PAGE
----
Sherwood Ranger - Making Parts - 9

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2nd week April - break from Aluminum parts

4/15/11 - 1.0 dia steel parts

1 hr - after buying a 14" cutoff saw from HF, my yahoo home page starts displaying an ad for a 6" cutoff saw from HF. Spooky that ads are now SO well targeted, but I added it up, and with the 20% off coupon, the smaller saw would be $20 less. I also rechecked the parts list, and the largest/thickest steel is 1.0 x .125 wall. I had thought there was a piece of 1.5 dia in there, and the 6" saw has a 1" capacity. I would prefer to work with the smaller saw, I think, especially on the smaller diameter stock, so I returned the 14" and got the 6". Tonight's hour, though, was to set up the saw, measure and mark the 1.0 x .049 stock and cut a few parts. It took a little doing to get the cutoff wheel on the shaft such that it wasn't tilted on the shaft, but the reviews warned that installing the cutoff wheel could be a little involved. Other than that, it seems to work really well. Should be fairly quick to get the steel cut.

First steel tube cuts - 1.0 x .049

Kind of puny looking in the collection of power tools, but big enough for the job.

Harbor Freight 41453. Remember this one doesn't come with the needed 6" cutoff wheels, so get those at the same time.

4/16 - 4/17/11 - .375 and .5 dia steel parts

1/2 hr - measured and cut nearly all of these. Haven't done a couple of the shortest .375's because I wanted to get a good feel for the saw and figure out how to "catch" the part being cut off. I just gripped the stock with a spring clamp so far, and that keeps them from flying off into the distance. Though with the shorter ones so far, they get hot enough that the rubber-coated grip of the spring clamp gets soft and sticky.

The start of 1/2 and 3/8 diameter steel parts. The little chop saw sure beats trying to do this with a free-handed cutoff wheel or a hack saw.

4/17/11 - .375 and 5/16 dia steel parts

1/4 hr - cut some more of these smaller diameter steel parts. 100 hours logged on the project to this point. Take out about 5 hours printing, and 20-25 hours of making parts and hardware spreadsheets (that future builders might use), it's only about 70 hours making parts to this point.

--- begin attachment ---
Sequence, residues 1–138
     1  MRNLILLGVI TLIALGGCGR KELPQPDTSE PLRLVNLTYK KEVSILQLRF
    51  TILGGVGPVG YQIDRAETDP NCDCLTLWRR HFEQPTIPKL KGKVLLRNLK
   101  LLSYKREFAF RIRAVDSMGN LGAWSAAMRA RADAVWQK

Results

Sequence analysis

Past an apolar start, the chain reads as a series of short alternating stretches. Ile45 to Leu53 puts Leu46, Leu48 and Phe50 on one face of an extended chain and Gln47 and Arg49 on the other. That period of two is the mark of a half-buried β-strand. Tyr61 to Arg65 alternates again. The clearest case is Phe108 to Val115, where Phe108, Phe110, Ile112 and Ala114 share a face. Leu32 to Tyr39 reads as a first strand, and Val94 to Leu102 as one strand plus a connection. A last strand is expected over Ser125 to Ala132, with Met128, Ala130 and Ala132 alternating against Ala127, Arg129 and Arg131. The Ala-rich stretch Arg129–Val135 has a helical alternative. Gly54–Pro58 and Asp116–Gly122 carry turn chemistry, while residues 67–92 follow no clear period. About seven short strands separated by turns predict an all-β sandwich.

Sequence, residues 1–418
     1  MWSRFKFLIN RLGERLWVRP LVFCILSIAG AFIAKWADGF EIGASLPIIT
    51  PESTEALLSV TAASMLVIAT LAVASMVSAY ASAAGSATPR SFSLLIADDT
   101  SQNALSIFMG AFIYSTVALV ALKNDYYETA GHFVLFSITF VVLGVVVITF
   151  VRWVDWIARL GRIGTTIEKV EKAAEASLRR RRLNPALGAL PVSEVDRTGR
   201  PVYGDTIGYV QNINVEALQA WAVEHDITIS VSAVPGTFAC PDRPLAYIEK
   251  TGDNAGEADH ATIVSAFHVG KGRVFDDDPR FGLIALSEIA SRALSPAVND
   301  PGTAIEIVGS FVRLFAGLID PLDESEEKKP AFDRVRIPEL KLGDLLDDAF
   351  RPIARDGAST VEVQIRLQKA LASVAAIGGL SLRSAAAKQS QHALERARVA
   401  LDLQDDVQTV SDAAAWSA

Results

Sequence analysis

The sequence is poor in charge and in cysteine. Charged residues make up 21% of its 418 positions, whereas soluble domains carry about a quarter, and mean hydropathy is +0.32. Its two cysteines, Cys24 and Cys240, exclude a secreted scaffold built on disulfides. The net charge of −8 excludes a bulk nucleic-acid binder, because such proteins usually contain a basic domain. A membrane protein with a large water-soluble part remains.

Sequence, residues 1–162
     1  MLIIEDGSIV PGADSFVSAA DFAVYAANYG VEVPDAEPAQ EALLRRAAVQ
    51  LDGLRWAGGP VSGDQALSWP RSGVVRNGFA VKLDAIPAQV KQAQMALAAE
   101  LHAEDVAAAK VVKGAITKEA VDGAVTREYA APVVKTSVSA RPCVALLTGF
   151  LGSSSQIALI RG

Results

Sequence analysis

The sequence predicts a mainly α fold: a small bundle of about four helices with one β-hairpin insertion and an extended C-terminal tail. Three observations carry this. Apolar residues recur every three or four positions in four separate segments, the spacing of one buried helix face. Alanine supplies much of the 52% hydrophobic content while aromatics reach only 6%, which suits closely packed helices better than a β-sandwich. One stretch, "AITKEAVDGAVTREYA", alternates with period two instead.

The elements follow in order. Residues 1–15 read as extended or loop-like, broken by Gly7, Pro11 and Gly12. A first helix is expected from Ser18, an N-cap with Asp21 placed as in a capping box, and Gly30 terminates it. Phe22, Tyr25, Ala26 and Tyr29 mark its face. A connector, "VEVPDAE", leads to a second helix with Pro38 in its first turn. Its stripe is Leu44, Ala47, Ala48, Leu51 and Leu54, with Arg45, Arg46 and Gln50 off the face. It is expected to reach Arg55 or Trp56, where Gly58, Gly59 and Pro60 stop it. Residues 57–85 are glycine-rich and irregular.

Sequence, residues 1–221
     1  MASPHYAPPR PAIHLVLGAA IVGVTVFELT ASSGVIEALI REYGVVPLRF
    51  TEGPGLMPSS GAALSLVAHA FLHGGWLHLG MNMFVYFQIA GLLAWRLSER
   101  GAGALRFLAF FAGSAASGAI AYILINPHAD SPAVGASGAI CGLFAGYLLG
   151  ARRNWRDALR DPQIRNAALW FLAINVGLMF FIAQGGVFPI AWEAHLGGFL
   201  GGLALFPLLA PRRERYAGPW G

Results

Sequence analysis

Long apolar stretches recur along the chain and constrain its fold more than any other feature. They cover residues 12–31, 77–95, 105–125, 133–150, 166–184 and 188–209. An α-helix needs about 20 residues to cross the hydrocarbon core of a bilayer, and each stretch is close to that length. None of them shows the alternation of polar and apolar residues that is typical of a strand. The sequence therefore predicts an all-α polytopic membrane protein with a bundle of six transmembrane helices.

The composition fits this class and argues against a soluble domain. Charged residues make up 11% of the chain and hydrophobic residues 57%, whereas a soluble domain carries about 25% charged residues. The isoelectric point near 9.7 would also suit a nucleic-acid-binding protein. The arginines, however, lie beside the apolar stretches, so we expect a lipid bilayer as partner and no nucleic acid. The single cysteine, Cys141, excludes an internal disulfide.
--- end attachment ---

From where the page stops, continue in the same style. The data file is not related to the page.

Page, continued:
The next group of parts offset to the right. This leaves several in the two smaller diameters in the sub-1/2 inch length range to cut. I will probably have to just let those fly and retrieve them after the cut.

4/17/11 - .75 dia steel parts

1/4 hr - cut some of the .75 diameter parts. First 45 degree cuts. Trick is, the ones I haven't done yet really need a hole saw or the like because their ends mate up against the od of tubes.

4/18/11 - .75 dia steel parts

1/2 hr - finished cutting the .75 diameter parts. Deburred the ends on the bench grinder and filed the burr off the ID of the cut ends. Still need a hole saw or other method to cut the fishmouths.

That's all the .75 tube parts.

4/20/11 - .050 parts

1/2 hr - Finished sanding/scotchbriting all but one of the .050 parts. Had to cut two of the larger rectangles down to trapezoids. Note - make a paper pattern for this one and lay it out along one of the factory cut edges of the sheet. Need to get all the flat stock to be bent ready as a local Waiex builder is going to let me use his brake.

4/20/11 - small dia. steel parts

1/2 hr - Deburred maybe about half of the smaller diameter steel parts - that I have cut so far. I know there's maybe a dozen more in the quarter-inch or less length left to cut.

Noticed that they added some photos of the kit parts to the website. One thing about a non-sheetmetal airplane - it should make for a very small package of parts, because there aren't large pieces that have to be shipped flat. Some long tubes in a small bundle, and the largest parts appear to be the cowling, the cockpit surround, and the fuel tank.

4/21/11 - flat parts, all thickness

1 1/4 hr - marked all the larger / thicker flat parts that need bends. Arranged to meet a Waiex builder in the local EAA chapter at his hangar to borrow a heavier / larger brake. Plan is to bend these up all at once, so then it's (mostly) done. I still have the two .125 aileron bellcranks to bend, but I have a tool to try for those.

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